Recently, The Sun Sentinel reported Hollywood police officers were able to track down a man who evaded police with active lights-and-sirens on an all-terrain vehicle while riding down the highway during a, “Bikes Up, Guns Down” event in January. This was an impressive feat considering the officers didn’t know the man’s name, the ATV didn’t have a plate number on it and the man lived 1,150 miles away and returned home shortly after the incident. How did they do it? A cell phone selfie-style video. Continue reading

In a divided and controversial ruling, the Florida Supreme Court upheld a longstanding ban on people openly carrying firearms in public. gun

The court disagreed with passionate arguments by supporters of the Second Amendment, instead ruling 4-2 that the state law doesn’t impede the exercise of the core right to bear arms. Rather, the law only regulates one manner of how a person can bear arms. The court’s decision is an affirmation of the findings by the 4th District Court of Appeal, which in 2015 decided against a man arrested for open carry of a gun in a holster in St. Lucie County.

Defendant in the case, Norman v. Florida, specifically challenged the constitutionality of F.S. 790.053, the state’s open carry law, which has been in effect since 1987. The statute holds that except as otherwise provided, it’s against the law for anyone to openly carry on or about his or her person any gun or electric weapon or other device. In order to be lawfully carrying a gun, one has to be licensed to carry a concealed firearm and the firearm has to be adequately concealed.  Continue reading

Makers of a device called the “Breathometer” promised that their product could help drinkers determine when they’d had too much to drive. driver

The product concept was first pitched on the television show, “Shark Tank,” and it involved an app-supported smartphone device that would help consumers make smarter decisions about whether to refrain from driving after consuming alcohol. By breathing into the app device attached to their phone, users would be able to tell whether they were over the legal limit of 0.08 alcohol concentration.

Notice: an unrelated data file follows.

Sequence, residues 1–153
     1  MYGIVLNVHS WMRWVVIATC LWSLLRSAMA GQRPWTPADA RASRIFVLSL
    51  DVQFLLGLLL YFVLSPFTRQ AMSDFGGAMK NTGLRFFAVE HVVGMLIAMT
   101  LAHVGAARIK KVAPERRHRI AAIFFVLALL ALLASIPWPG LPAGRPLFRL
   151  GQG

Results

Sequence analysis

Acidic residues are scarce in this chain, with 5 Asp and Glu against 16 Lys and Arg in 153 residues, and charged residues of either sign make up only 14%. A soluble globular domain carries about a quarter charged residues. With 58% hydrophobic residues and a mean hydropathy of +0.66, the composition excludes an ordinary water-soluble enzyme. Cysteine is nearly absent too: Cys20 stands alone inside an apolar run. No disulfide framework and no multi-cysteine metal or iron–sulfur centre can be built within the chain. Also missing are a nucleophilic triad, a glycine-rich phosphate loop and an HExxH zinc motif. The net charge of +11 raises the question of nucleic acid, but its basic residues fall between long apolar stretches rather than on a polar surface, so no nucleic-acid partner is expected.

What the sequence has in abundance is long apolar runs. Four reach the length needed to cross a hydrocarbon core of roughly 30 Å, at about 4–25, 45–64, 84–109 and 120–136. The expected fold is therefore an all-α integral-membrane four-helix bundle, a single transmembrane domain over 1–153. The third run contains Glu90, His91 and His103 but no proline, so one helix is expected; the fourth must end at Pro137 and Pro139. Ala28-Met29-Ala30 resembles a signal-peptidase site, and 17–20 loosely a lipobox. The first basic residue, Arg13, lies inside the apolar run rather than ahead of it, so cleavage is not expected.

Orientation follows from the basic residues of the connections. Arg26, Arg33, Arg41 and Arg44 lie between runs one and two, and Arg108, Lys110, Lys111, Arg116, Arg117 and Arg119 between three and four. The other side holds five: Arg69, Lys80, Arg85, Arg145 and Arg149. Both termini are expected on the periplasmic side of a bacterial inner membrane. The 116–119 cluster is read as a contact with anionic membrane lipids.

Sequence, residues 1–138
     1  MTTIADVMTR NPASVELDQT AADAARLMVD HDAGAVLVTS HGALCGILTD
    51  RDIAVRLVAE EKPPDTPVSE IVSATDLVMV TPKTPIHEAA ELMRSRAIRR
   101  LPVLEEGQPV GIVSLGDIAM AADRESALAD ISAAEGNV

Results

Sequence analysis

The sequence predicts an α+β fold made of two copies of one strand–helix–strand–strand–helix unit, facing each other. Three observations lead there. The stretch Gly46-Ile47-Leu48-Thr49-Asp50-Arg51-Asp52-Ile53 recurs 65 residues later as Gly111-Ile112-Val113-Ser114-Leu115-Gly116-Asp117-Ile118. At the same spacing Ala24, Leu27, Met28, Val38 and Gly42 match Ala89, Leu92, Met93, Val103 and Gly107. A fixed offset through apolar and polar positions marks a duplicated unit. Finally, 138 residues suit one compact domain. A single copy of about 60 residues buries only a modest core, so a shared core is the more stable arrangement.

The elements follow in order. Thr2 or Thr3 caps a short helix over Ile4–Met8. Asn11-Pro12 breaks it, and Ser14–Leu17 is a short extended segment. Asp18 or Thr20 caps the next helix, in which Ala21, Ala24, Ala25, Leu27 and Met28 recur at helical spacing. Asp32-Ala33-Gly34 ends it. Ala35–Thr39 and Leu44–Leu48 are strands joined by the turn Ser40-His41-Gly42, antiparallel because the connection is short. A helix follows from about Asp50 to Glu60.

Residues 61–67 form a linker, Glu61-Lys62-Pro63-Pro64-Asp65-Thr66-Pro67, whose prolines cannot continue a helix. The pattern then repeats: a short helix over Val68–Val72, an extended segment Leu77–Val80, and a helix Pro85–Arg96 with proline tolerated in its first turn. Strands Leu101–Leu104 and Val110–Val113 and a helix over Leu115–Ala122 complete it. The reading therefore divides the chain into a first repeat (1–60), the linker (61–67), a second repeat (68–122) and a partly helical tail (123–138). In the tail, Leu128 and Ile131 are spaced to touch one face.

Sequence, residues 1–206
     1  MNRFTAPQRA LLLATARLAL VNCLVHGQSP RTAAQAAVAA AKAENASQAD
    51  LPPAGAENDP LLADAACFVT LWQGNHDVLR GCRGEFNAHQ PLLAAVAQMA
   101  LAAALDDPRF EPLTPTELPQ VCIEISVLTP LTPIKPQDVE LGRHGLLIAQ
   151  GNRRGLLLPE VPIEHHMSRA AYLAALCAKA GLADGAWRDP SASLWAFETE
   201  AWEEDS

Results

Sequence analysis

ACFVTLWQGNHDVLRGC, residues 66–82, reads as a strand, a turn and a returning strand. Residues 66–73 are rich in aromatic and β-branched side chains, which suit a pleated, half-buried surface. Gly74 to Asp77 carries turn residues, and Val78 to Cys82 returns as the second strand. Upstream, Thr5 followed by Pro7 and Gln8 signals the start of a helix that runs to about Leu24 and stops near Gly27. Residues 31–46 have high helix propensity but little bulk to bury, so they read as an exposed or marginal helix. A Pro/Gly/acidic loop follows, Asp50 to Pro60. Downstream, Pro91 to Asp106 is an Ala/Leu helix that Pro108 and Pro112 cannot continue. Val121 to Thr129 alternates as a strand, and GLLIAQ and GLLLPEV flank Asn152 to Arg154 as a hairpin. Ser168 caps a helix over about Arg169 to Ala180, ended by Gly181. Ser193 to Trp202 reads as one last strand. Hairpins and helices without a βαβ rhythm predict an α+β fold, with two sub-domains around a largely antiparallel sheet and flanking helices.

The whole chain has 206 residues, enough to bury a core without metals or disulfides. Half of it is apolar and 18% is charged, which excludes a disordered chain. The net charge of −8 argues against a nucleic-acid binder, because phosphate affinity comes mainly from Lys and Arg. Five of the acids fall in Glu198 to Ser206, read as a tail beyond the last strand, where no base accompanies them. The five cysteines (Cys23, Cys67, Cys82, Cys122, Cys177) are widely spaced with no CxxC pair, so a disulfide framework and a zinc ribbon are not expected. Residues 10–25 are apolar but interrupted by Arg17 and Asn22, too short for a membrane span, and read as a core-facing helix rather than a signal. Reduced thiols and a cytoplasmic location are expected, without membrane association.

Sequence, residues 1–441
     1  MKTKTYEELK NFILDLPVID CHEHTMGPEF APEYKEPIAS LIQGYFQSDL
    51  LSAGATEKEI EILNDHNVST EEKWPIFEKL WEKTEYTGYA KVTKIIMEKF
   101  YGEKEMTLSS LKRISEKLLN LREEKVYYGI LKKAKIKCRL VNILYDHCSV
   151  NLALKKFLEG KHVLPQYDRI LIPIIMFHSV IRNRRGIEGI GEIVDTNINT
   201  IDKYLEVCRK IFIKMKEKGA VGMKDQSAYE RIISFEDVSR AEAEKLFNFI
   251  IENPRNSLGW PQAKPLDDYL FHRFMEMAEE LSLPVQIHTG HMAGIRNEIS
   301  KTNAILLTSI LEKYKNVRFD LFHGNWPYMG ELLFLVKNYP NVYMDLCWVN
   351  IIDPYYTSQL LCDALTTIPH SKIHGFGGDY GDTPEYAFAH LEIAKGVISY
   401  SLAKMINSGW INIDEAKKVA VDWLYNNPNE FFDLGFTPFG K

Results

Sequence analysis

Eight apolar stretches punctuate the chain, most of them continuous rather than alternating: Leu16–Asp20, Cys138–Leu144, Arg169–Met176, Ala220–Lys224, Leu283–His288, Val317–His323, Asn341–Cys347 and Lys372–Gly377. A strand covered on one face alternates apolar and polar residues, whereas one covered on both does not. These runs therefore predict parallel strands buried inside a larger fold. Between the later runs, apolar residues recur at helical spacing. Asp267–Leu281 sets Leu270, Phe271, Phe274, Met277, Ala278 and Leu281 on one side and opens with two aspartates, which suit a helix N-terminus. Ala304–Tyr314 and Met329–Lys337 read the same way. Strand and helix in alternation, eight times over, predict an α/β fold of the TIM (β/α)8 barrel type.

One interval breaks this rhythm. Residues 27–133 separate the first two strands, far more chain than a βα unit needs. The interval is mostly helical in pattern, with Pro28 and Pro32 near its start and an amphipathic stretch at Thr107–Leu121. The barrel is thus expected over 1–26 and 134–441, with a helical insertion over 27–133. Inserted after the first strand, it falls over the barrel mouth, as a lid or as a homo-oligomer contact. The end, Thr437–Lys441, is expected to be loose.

However, the Federal Trade Commission recently slammed the company, ultimately negotiating a settlement, amid charges the device didn’t actually work as promised. Specifically where the FTC was concerned, the company lacked the scientific evidence to support the claims made in advertising.  Continue reading

Florida Senate committee members unanimously voted on a measure that would eliminate mandatory minimum sentences in 118 crimes where such requirements currently exist. Members of the Senate Criminal Justice Committee say mandatory minimum sentencing guidelines, a holdover from all those “tough-on-crime” initiatives, passed SB 290, which gives judges more discretion in sentencing on non-violent offenses (save for drug trafficking). prison

The decision came as lawmakers noted that thousands of people are being locked up in the state every year for decades-long sentences that are costing taxpayers an inordinate amount of money, ruining lives and doing very little to keep anyone safe in the long-run. In fact, these efforts may be counter-intuitive to public safety because they leave those hemmed up in the system with very few resources or supports once released after spending a much of their life in prison.